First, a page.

What happened to gold prices yesterday?

An article on Kitco explained: “The move down is not too surprising as many analysts have been calling for a price correction after gold breached $1,920 an ounce, then $2,000 an ounce, and then continued to make new highs above that level. And all of this in just under three weeks.  

Bob Thompson, Senior VP Portfolio Manager at Raymond James agreed ”“ It was a well needed breather. I have been telling people that the longer the climb went without a correction, the more violent it would be. I don’t know if it will be this one, but a correction will happen that will shake the tree and will get all the non-believers in the sector out. That’s the nature of it. The people who have been gambling in the last couple of months will lose money, lose faith, and get shaken out.” This reminds us of a famous quote from J.P. Morgan “In bear markets (or in this case market corrections), stocks return to their rightful owners.”

Now the million dollar question; how far will it drop?

Given that the U.S. economy will continue to positively respond to an additional trillion dollars worth of fiscal stimulus and continued Fed measures, it is quite likely that rates and the dollar may see some better days into 2020. Given the technicals and the fundamentals, it would not be surprising to see spot gold trend down to around $1,890/oz and silver at around $22/oz, before hitting new records.”  TD Securities head of global strategy Bart Melek said on an interview with Kitco yesterday.

Joe Foster, portfolio manager of the VanEck International Investors Gold Fund believes that rather than trying to time the bottom of this correction, investors should be looking ahead to the potential new price highs. He said on this interview “ The longer-term bullish picture still remains intact. We’ve been looking for a pullback in the gold market. Nothing goes straight up forever. Real interest rates are negative. They turned negative last year when the Fed started cutting rates. If you look historically, that doesn’t happen very often. Real rates were negative after the financial crisis, and you have to go all the way back to the 1970s in that inflationary cycle to find negative real interest rates. The Fed has told us that it’s not interested in raising rates any time soon, so I think we’re going to be in a negative real rate environment for the foreseeable future and that’s a very good backdrop for gold. Geopolitical risks, a weaker dollar and the increase of global debt are also tailwinds for gold. We could be seeing the beginnings of a bear market for the dollar, and that’s another bullish development for gold.”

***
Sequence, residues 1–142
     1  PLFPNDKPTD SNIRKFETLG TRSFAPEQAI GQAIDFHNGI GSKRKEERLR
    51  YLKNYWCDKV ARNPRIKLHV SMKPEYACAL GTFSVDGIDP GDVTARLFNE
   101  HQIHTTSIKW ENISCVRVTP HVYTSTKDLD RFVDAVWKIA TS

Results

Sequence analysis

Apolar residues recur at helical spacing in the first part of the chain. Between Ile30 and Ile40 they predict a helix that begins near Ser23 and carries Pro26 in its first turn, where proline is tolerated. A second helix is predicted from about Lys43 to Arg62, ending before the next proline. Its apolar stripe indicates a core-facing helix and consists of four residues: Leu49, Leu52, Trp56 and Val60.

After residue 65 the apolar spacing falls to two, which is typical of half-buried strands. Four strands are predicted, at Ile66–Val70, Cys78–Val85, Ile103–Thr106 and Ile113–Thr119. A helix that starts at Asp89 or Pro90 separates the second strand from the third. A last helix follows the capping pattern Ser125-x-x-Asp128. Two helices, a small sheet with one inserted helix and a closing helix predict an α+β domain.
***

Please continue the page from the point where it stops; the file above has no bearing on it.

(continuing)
VanEck predicts $3,400 an ounce price based on historical deflationary price cycles.

“There aren’t very many to draw on. You can go back to the Depression, but more recently, we look at the Financial Crisis in 2008. That was a deflationary shock to the economy, just like the pandemic has been a deflationary shock to the economy,” Foster said. “If you look at where gold went after the Financial Crisis and you apply the same metrics to gold in the current environment, you can get to over $3,000 an ounce.I think the stocks will outperform gold by a wide margin. We’re seeing it this year, we saw it last year. The gold industry is in very good shape this year. It’s very healthy. It’s a great business to be in, so I see no reason for these stocks to handily outperform gold,” he said.